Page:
storm

Nome: Storm of 1913

Nome, Alaska, Oct.7.-Nome's business district practically swept away; hundred of thousands of dollars in property lost; five hundred homeless; ruin and destruction and desolation everywhere, and the end not in sight, is the condition existing here today, as a result of a storm that broke with tremendous fury early yesterday morning and continues unabated. There have been no lives lost.

One mile of Front Street has been washed away. The Elite baths and hotel, a four story building, crashed to the ground at the mercy of the waves at 3 a.m. yesterday. Huge walls of water rushed swirling and eddying over the wreckage and a din like the roar of cannon (sic) struck terror to the people.

The scenes in Front Street yesterday were indescribable. Jewelry stores, warehouses, dry goods stores, restaurants, saloons-all this section of Front Street, has been swept out. Breakers forty feet high swept over Front Street. All hands were commandeered to aid in securing the effects of the stricken businessmen. Thousands of dollars worth of goods have been swept out to sea and with winter at hand a famine is feared, as the provisions and stores of the city have been practically wiped out.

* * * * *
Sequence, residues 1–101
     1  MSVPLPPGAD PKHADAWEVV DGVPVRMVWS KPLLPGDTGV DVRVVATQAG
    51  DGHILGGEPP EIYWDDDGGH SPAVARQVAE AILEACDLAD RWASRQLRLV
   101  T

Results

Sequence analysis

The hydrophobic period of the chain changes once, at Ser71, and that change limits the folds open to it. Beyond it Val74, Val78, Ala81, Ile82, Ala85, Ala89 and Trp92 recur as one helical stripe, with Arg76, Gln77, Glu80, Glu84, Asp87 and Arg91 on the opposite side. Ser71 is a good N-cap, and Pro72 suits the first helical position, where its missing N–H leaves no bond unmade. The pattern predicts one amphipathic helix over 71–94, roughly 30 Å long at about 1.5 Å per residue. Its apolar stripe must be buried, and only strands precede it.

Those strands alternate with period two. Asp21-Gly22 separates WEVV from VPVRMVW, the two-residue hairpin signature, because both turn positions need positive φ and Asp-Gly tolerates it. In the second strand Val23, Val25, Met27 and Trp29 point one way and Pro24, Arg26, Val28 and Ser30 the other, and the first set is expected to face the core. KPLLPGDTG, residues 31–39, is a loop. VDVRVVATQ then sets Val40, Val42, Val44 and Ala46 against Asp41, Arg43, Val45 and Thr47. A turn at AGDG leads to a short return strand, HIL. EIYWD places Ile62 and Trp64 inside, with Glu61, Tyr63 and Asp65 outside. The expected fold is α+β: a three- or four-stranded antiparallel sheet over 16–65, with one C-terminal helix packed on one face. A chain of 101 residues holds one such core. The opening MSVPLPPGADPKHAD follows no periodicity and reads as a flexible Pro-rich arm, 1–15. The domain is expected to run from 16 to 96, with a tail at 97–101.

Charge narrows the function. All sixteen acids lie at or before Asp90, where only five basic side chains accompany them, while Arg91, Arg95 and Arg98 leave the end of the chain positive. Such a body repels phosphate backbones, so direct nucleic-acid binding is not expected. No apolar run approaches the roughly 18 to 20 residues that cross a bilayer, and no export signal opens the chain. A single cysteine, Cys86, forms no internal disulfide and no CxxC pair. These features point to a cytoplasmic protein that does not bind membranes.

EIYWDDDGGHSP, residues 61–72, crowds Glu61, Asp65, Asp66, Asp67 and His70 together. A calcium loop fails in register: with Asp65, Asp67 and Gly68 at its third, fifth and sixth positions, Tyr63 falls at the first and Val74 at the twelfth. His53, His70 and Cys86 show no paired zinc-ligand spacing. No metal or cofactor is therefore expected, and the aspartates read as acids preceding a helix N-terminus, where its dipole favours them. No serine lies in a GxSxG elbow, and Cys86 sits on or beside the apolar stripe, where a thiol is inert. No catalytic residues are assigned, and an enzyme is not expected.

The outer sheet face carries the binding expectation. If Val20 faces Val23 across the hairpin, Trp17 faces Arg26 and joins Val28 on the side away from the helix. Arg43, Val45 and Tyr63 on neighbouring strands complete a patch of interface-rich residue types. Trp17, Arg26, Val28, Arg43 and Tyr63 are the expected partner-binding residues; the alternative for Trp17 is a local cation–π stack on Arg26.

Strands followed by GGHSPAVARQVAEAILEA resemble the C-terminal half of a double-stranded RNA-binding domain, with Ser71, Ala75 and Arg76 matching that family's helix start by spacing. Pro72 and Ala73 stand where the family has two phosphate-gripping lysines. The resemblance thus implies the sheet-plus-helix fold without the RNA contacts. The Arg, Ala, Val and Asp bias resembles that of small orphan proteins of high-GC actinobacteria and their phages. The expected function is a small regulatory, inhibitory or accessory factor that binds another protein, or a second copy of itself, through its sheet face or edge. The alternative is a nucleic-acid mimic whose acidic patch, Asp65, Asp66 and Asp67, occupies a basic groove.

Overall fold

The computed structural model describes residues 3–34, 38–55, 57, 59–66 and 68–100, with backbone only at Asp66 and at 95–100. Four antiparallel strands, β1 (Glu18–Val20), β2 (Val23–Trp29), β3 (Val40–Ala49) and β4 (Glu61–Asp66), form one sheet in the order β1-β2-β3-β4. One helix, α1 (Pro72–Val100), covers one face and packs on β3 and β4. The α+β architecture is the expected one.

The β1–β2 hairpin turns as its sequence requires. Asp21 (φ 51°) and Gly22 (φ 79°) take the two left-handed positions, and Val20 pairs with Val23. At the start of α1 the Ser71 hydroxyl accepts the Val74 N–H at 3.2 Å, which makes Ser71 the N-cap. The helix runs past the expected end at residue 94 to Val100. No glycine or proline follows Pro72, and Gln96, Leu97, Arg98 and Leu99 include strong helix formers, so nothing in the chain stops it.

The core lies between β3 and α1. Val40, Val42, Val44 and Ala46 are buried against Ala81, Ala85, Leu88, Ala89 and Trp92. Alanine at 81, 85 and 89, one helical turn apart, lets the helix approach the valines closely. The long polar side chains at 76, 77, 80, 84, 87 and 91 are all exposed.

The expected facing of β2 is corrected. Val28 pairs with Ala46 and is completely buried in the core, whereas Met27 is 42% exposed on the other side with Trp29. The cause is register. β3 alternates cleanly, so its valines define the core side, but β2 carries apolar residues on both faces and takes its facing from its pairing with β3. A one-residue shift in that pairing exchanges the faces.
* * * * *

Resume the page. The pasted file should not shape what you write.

Every building along the beach side of Front Street is in ruins. The Board of Trade saloon and restaurant was among the earlier buildings to suffer destruction.

The life saving station is swept away. Nome spent a night of horror last night. The blackness added to the terror of the scene and the terrific wind and rain continued with greater fury.

At 10 o'clock this morning it is feared the entire business section of Nome will be carried away. The people are working hopefully and with the spirit of the times are facing the situation bravely.

It is estimated that fully five hundred people are homeless.

Every building on the sand spit has been washed away excepting the cold storage plant. This building is weakening and may go any minute. The workers are unable to cope with the water and are confining their efforts to moving goods to places of safety.

The storm first broke Saturday morning. A fifty-mile gale blew but this velocity was soon increased to sixty miles, according to weather observations.

By noon yesterday the calamity was almost at its height. The suddenness with which the storm increased left the city entirely unprepared to receive it. Sunday the storm raged and notice was posted that the steamer Victoria would not sail for Seattle until its abatement. Little alarm was felt in Nome Sunday. By midnight the first signs of approaching destruction were in evidence. The fire bells were rung to summon the people, but before the hastily called meeting had assembled the waved began to pour onto Front Street. Each receding comber carried debris with it.

Daily Alaska Dispatch, Juneau, AK 8 Oct 1913